Mahler in Sioux Falls (with yet another glance at Klaus Makela)

I have just returned from a trip to Sioux Falls, where I heard Delta David Gier lead the South Dakota Symphony in Mahler’s Symphony No. 3. As readers of this blog know, I regard the SDSO as an American cultural institution that must be studied and emulated.

When I arrived at my balcony seat I was addressed by a couple of young men sitting just in front of me. They had heard my pre-concert conversation with David Gier. They had driven for four and a half hours from the University of North Dakota to hear Mahler. One of them expressed regret that there was no Bruckner on the SDSO season.

Seated to my left was David Chin, who introduced himself as a conductor at St. Augustana College in Sioux Falls. He had just performed (with commentary) Bach’s cantata Christ lag in Todesbanden. I had already learned about this event from Gier, who was immensely impressed. Chin was seated with half a dozen students. How many more were in the hall? I asked. Countless, he said. 

Earlier in the day, ten conducting students from South Dakota State turned up at the dress rehearsal. For the performance, 28 were bussed from their campus in Brookings, an hour away. 

The audience (strikingly inter-generational) numbered 1,200, the orchestra and chorus 88 and 82, respectively. Sioux Falls has a population of 200,000.

Before the music began, Jennifer Teisinger, the orchestra’s executive director, saluted its retiring members. The first name was Shireen Ranschau, in the cello section. She had joined the SDSO 54 years ago. Teisinger told the audience something it already knew – that the concert celebrated Delta David Gier’s twentieth season as music director. He had been asked to pick whatever music he wished. Gier had already led the SDSO in a complete Mahler cycle. He decided to return to No. 3 – which is in six movements and lasts about 100 minutes.

Before launching the symphony, Gier shared with the audience a sentence or two for each movement. He said that Mahler had originally titled the slow finale “What Love Tells Me” – and that Mahler had in mind what the Greeks called agape – spiritual love. Then Gier (who is a devout Christian) quoted a superscription on Mahler’s draft: “Behold my wounds! Let not one soul be lost!” 

Gier’s rapt performance of Mahler’s finale was something unforgettable. I recently had occasion to watch 26-yer-old Klaus Makela conduct this music (on youtube) with his magnificent Oslo Philharmonic Orchestra in 2022. Makela’s reading is tremendous, enraptured by the ardor of youth. Gier’s performance was enraptured by the pathos of experience.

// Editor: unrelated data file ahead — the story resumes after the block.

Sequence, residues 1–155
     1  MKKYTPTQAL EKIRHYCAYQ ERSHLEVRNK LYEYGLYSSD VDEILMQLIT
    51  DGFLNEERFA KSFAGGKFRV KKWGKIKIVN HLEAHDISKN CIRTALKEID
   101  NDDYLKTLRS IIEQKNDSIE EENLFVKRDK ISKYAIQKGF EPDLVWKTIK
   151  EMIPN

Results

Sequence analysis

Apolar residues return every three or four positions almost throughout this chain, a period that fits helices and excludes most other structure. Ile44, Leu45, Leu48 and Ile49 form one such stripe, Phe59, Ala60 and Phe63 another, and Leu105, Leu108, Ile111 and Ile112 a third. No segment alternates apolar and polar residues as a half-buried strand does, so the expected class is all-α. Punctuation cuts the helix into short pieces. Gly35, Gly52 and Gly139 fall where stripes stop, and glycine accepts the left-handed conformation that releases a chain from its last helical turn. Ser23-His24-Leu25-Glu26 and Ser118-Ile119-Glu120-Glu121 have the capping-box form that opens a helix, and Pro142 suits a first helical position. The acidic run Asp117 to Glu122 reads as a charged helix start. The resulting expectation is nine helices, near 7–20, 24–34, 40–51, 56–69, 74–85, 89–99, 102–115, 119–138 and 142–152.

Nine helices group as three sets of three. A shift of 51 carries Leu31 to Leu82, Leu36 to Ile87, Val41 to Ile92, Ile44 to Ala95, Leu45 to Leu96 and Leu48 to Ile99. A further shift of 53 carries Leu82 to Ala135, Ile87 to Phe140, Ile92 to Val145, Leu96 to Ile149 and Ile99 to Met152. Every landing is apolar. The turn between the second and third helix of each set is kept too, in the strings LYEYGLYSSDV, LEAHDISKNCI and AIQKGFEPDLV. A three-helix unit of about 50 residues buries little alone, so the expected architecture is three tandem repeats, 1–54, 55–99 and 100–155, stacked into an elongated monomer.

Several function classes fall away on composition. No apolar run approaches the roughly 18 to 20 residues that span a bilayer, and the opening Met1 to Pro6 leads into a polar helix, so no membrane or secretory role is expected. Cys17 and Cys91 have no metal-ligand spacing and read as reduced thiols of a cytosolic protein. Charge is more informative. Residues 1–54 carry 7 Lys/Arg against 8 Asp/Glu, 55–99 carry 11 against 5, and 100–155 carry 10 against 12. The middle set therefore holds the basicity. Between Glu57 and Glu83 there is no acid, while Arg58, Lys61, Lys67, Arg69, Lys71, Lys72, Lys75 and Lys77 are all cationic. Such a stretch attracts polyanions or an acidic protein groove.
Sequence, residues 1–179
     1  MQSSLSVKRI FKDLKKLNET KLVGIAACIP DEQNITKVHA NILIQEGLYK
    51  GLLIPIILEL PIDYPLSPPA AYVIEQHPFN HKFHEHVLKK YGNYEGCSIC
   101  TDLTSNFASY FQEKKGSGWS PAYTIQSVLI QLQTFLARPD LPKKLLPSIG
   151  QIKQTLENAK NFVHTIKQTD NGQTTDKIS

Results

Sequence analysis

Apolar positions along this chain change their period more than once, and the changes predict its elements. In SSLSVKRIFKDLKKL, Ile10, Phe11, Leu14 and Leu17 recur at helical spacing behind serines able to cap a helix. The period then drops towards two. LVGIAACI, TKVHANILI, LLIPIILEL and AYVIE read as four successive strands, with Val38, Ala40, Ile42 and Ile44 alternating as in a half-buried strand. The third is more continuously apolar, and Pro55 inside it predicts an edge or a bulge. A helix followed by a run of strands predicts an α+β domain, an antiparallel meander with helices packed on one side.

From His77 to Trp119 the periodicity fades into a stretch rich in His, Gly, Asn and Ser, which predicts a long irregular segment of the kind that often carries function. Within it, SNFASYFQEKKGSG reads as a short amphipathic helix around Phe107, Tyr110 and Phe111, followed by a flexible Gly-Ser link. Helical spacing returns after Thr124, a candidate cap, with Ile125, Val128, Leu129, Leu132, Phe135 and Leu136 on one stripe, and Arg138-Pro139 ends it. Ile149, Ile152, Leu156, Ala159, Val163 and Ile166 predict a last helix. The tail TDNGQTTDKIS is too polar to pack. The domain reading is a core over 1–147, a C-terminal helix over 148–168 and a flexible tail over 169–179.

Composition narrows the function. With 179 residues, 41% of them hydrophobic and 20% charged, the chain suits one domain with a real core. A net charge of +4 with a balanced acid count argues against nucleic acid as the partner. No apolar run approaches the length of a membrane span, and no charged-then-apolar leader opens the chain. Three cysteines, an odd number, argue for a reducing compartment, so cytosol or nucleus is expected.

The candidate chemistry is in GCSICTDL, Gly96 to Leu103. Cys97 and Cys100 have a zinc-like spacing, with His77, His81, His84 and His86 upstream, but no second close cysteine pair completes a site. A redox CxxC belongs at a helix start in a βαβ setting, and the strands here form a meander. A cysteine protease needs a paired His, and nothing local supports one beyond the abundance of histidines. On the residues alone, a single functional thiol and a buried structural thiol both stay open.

The string choir of the South Dakota Symphony is a marvel (would that the Metropolitan Opera Orchestra had such expressive violins). Everything sounds deeply felt. The section leaders are a multi-cultural quartet (Korean, Taiwanese, Polish, American) that in fact frequently performs as the Dakota String Quartet. The quartet regularly visits Native American reservations and works intensively with children there. So does the orchestra’s Dakota Wind Quintet. This is the SDSO’s signature Lakota Music Project, about which I have often written. It is one reason the orchestra’s musicians perform with self-evident pride.

The principal double bass, Mario Chiarello, also conducts the Lincoln High School orchestra – one of fourteen middle and high school orchestras in town. (There are in addition four South Dakota Symphony youth orchestras. Elementary schools offer string instruction beginning in grade four.) Chiarello’s Lincoln High orchestra has performed all nine Beethoven symphonies. For his retirement next year, he will conduct the finale of Mahler’s Resurrection Symphony (with chorus).

David Gier’s performance of Mahler’s Third was live-streamed. But SDSO concerts are not archived on the web – the orchestra lacks the financial resources for that. Back in the 1990s, when I was running the Brooklyn Philharmonic, I was able to secure large grants from the Hearst, Knight, Mellon, and Rockefeller Foundations. Nowadays, not a single major American charitable foundation supports classical music.  And yet the example of the South Dakota Symphony is vital. Right now. 

To read my “American Scholar” article about the national significance of the South Dakota Symphony, including commentary by Alex Ross of “The New Yorker,” click here.

To hear my 50-minute NPR version of that article, click here.

To read my recent reflections on “ripeness” in musical interpretation, also in “The American Scholar,” click here.

To read about the abandonment of classical music by our nation’s leading philanthropic organizations, click here.

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